The Bessie Smith version is unbelievable.

I need a little hot dog in my roll? And the whole gruff command bit at the end? How sublime and ridiculous; thanks for attaching it. You're quite right that the emotional valence of "Nasty Girl" and "Sugar in My Bowl" couldn't be more different; though I would argue that across Nina Simone's work, whenever she talks.

about something "down in my soul" she means her hoo-hoo.

Thanks for the Wolk sections on James Brown, as well; they do shed some light on the "I'm down on my knees/I'm begging you please/I say please" bit of "Nasty Girl." Somehow I hadn't managed to connect the "down on my knees" of begging (whether with histrionic or masochistic intent) with the "down on my knees", which Vanity's no doubt referencing. (This would, after all, be one culturally sanctioned way of proving she's a nast

girl.) In both senses that's a nice tie-in to the Prince as (Weird Genius Ambisexual) Pimp scenario you mention, and to the question of whether this is ultimately a song about power. I think it is, and actually a pretty smart one, in that it doesn't assert either of the easy sides of the argument (i.e., either the gazer or she who holds the gaze being empowered) but ricochets between them, which may be why there's that infinite regression in who's imagining what in the song's set-up. What kind of power is it, after all, to be asked to front a band not because of any intrinsic desire or even talent, but because you look the way you do? A certain kind, to be sure.

I'm thinking about that other Vanity 6 song "Drive Me Wild," - musically it's pretty far inferior to "Nasty Girl," and it was written and performed by Susan Moonsie, not by Vanity herself, but I think its subject is relevant. The song's premise is that the singer compares herself to all manner of spanky-new inanimate objects to prove she can please whoever she's talking to. So for example www.livejasmin.cc, one verse runs:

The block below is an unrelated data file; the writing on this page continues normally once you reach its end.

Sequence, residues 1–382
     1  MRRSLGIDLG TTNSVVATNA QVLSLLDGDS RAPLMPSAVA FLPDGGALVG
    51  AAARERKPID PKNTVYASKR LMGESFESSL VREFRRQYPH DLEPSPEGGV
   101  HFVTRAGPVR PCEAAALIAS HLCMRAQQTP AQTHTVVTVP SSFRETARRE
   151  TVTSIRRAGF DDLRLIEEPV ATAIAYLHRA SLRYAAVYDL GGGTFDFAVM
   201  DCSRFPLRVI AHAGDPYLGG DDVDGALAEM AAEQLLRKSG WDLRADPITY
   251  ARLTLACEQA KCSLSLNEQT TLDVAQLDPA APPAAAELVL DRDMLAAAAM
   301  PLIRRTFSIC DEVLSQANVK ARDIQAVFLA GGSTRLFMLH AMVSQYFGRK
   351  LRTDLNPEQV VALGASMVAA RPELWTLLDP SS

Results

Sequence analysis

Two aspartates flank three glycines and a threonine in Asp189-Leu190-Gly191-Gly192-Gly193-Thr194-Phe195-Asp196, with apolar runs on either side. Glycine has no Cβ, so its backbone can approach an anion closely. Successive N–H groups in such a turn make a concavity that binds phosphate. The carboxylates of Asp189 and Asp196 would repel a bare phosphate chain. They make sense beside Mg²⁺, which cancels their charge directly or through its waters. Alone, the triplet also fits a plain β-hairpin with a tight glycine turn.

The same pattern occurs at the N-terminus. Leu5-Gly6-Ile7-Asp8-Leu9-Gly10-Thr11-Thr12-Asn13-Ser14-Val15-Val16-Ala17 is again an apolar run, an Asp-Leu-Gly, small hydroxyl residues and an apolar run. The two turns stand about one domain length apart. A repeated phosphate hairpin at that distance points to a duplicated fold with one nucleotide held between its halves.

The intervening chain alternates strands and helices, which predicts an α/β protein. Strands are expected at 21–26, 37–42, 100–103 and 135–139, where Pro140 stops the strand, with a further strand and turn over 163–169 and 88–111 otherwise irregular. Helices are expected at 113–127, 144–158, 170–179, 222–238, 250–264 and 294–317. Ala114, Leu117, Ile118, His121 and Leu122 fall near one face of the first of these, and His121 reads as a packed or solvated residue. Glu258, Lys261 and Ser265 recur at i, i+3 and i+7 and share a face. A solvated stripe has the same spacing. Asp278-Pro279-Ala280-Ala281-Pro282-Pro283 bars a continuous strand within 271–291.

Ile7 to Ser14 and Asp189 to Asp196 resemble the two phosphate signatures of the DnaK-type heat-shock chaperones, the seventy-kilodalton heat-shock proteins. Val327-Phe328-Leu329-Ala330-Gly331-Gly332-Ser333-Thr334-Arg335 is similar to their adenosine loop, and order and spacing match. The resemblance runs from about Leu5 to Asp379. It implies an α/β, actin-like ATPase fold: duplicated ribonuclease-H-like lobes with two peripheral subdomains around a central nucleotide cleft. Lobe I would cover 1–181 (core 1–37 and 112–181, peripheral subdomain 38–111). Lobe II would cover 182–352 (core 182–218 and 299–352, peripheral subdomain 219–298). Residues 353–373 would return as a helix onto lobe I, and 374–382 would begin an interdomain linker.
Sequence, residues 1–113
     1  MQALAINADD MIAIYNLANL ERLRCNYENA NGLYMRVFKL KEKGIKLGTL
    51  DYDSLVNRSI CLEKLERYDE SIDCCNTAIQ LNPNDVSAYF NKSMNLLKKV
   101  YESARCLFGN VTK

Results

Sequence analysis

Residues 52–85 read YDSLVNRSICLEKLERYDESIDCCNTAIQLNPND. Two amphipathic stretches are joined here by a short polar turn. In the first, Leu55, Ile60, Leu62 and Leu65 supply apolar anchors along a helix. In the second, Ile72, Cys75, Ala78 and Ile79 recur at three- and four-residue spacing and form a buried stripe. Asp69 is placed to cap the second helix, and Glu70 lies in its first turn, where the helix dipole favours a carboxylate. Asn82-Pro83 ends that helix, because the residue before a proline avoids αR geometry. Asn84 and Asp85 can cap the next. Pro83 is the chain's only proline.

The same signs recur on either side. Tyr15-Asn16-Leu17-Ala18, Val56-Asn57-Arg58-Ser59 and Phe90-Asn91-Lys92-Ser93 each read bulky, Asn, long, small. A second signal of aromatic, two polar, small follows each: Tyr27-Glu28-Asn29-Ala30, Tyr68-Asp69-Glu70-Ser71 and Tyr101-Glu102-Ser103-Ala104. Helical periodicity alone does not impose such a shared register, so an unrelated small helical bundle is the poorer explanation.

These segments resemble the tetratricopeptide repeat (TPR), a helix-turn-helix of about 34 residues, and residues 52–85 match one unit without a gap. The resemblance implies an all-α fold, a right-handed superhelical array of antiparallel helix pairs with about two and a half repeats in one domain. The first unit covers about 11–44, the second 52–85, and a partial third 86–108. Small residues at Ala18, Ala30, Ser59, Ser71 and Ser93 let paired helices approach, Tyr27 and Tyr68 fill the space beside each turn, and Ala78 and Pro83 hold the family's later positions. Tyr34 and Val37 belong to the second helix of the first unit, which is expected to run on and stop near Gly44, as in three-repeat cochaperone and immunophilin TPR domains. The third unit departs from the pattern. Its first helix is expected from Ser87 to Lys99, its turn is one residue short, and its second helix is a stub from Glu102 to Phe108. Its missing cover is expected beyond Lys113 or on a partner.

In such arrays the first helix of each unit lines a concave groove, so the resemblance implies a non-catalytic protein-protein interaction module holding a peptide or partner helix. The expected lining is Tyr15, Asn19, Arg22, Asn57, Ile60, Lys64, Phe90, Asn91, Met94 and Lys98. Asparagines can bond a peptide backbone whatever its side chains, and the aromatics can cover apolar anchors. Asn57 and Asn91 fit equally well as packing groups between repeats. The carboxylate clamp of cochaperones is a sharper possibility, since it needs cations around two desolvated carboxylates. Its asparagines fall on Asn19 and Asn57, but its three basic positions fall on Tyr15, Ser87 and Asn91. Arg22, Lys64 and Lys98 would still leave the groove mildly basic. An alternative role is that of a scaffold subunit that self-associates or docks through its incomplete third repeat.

Ooh look at me I'm a Cadillac I'm a brand new convertible

Never been driven you're the first

Come on now and drive me wild

Another verse:

Ooh look at me I'm a telephone

Whatever you want just dial

Come on baby please it's so easy

Come on now and drive me wild

There's that "please" again, right alongside the ambiguity of at once issuing commands and comparing oneself to a machine. One thing I'm interested in, in all of this, is that these issues are still so live almost a quarter century later; that for all the reams of feminist (and other -ist) criticism the late twentieth century produced, we've got not just a can of worms but an intractably tangled knot of worms on our hands here. And no, first time out we didn't bother to comment on how funky and fucky this song is. That's so much of its appeal- that for all its (semi-) sinister complexity it's also great to dance to. Which is its own breed of complexity.

I have a piece of unconfirmed trivia: Someone recently told me that the inexplicable line "un chien Andalusia" in the Pixies song Debaser (sort of a reference to "Un chien andalou" and sort of not) was originally "strip Apollonia," Apollonia being the gal who replaced Vanity when she bowed out (and the group became Apollonia 6- still referring, we must suppose, to the breast count).

Our Love Is Rice & Beans

Em, that's a fantastic anecdote, about the Pixies - any sense of how true or verifiable it might be? Because, if the original refrain was "strip Apollonia/oh-ho-ho-ho" - well, that puts "I wanna be/be a debaser!" in a whole new light. Not to mention the bit about "slicin' up eyeballs," which is actually the part of the song that did make sense to me. Incidentally, I spent a long time revisiting the Pixies last year, after (a) Sam Lipsyte got me hooked on Frank Black's solo work and (b) the good folks at Slate asked me to write about the jasminlive band, in the course of which assignment the most interesting thing I ran across was Black's Oulipian approach to age-old problems of form v. meaning. Here's the relevant passage:

On tour, [The Pixies] were known to play their set-list alphabetically, or in reverse chronological order (starting with the encore). In the studio, their lyrics took the shape of anagrams, sonnets, and haikus. For them, meaning was secondary to sound and syntax, and depth was an illusion-what counted was the meticulous construction of surface attributes: not the stock rock explications of what "our love is..." but the sharp enjambment of